Lying to Children by Alex Shahla

Lying to Children

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A fictional father reveals his smoke-and-mirrors parenting style to his grown children in this debut epistolary novel.

One doesn’t know how hard parenting is until one actually becomes a parent. Before that, people blame their mothers and fathers for problems big and small, but after, most realize that their own parents were probably making it up as they went along. That’s the overall theme of this novel, in which a father writes a series of letters to his college-age kids. Each vignette is titled for a “lie” that adults tell children, such as, “There Is a Bunny Who Brings You Presents on the Day Jesus Rose from the Dead,” “Those Are Daddy’s Cookies,” and “Always Take the High Road, Because That’s What I Did.” In one, the father creates counterfeit currency in order to one-up his father-in-law’s tooth-fairy gift. In another, the die-hard football-fan dad is only able to listen to the Super Bowl game in the bathroom of a Chuck E. Cheese’s due to a kid’s birthday party. In each tale, it’s clear that dad, like all parents, was just doing the best he could and that his love for his children never wavered. In the prologue, “What Is This?” the father writes, “This is my side of the story. One day when you tell your future significant others, children, or therapists what horrible parents your mother and I were and how we ruined your lives, this book might help to exonerate us.” Overall, this work is like a much more cynical How I Met Your Mother, even though the father specifically says that his letters are not going to be like that TV show. Shahla’s style is believably colloquial, and that’s a good thing. There are times, though, when the father’s behavior may make readers want to shake him, such as when he thinks that his daughter is plotting to break up his marriage when she asks him to keep a secret from her mother. It would have been nice to get a more well-rounded view of the mother, though; instead, she’s depicted as a sometimes-nagging “domesticator” who helps to clean up her husband’s messes. Still, this book has a lesson for all: having children doesn’t always make one a responsible adult.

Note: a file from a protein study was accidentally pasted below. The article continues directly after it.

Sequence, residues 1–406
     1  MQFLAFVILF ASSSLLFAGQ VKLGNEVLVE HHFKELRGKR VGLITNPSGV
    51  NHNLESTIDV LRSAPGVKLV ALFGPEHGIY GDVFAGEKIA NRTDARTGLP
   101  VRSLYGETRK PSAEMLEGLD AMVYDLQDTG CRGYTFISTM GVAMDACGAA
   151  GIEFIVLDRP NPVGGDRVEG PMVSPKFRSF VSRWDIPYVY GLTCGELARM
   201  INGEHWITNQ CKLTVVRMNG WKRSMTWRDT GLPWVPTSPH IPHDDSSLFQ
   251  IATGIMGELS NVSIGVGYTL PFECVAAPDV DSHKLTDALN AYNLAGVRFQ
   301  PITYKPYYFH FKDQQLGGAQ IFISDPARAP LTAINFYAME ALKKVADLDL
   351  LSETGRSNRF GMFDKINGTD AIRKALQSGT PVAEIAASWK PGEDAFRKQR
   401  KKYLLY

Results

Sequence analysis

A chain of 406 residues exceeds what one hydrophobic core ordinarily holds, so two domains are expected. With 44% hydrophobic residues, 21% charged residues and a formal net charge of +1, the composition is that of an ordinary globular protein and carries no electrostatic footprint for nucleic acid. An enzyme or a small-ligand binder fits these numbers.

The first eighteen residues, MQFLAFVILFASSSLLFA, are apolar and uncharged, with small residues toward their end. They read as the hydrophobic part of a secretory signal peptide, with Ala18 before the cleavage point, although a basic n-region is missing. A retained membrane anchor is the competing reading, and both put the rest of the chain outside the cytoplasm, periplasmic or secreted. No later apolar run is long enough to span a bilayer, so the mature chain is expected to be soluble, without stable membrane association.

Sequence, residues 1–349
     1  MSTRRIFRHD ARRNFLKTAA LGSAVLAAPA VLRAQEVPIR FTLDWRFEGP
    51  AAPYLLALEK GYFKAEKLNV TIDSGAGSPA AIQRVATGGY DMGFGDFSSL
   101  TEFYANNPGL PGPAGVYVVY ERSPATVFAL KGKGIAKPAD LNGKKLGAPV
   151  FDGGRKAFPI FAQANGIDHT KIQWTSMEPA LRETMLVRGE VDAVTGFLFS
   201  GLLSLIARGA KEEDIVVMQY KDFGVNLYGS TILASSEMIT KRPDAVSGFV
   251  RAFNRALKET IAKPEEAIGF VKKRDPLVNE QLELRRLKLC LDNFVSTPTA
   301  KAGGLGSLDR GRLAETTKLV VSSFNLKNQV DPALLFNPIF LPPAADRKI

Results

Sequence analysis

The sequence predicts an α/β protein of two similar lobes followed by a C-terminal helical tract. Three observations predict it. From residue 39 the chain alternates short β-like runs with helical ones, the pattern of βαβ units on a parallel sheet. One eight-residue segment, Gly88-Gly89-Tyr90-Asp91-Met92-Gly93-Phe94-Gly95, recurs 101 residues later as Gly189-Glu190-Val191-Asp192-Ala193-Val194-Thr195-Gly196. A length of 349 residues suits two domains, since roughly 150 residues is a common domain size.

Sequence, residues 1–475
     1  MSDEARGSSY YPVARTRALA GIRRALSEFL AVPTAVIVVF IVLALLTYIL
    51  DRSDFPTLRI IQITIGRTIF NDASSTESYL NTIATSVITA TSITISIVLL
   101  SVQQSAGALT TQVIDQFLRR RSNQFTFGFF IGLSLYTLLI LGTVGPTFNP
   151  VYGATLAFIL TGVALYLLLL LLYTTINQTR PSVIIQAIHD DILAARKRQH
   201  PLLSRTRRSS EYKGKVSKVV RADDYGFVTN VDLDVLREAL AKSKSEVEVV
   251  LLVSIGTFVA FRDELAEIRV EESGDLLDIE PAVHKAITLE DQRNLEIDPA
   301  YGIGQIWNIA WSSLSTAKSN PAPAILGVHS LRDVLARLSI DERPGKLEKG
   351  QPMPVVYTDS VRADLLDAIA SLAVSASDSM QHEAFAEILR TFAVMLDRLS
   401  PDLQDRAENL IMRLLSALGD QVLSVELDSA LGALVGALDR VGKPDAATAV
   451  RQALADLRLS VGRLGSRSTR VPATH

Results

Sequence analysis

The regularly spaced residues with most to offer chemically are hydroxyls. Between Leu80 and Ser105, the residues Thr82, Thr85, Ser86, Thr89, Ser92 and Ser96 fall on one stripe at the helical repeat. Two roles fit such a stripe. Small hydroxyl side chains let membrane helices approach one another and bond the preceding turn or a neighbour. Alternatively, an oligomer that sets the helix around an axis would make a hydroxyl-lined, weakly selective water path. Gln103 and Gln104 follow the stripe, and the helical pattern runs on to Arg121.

A novel with an entertaining setup that wavers a bit in tone and execution.

Publisher: Dog Ear Publisher
Program: Kirkus Indie
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